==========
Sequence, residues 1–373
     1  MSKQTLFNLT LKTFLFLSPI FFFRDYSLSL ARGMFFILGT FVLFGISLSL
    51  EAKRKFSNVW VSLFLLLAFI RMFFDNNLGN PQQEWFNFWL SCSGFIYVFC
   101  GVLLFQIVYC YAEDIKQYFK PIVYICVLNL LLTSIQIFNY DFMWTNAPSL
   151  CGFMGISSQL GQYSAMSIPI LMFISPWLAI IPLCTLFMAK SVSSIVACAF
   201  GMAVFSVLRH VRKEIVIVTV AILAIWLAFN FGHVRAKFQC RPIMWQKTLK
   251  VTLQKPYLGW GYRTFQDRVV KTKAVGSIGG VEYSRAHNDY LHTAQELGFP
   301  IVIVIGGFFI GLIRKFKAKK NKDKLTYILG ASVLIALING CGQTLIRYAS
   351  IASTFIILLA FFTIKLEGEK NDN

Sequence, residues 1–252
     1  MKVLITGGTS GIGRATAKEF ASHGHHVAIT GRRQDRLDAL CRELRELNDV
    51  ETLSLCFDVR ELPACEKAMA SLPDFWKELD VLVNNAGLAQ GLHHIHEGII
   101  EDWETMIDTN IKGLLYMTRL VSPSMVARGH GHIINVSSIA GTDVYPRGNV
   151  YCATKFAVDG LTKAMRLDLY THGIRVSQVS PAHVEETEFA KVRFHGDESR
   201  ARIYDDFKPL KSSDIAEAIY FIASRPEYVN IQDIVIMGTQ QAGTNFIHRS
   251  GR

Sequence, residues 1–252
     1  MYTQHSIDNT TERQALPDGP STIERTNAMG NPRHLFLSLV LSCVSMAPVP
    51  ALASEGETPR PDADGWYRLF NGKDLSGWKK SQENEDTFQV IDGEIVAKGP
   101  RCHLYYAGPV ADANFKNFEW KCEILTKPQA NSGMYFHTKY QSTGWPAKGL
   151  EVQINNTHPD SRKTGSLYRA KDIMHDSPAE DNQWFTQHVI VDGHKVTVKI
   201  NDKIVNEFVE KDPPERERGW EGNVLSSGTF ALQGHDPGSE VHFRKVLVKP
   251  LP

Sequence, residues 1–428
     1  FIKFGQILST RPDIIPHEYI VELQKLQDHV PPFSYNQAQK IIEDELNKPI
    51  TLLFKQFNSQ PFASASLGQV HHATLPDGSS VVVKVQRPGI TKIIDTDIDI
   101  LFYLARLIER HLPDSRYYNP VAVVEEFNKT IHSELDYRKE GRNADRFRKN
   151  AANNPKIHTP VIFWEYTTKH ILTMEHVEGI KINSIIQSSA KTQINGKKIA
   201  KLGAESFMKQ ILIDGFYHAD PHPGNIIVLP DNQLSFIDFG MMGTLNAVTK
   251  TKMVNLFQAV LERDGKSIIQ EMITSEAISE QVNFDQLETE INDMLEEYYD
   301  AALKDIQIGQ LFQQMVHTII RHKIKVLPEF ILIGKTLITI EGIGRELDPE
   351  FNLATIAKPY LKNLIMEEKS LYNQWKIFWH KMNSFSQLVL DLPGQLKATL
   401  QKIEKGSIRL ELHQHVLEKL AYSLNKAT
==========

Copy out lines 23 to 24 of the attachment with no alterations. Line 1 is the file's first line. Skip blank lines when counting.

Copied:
   251  LP

Sequence, residues 1–428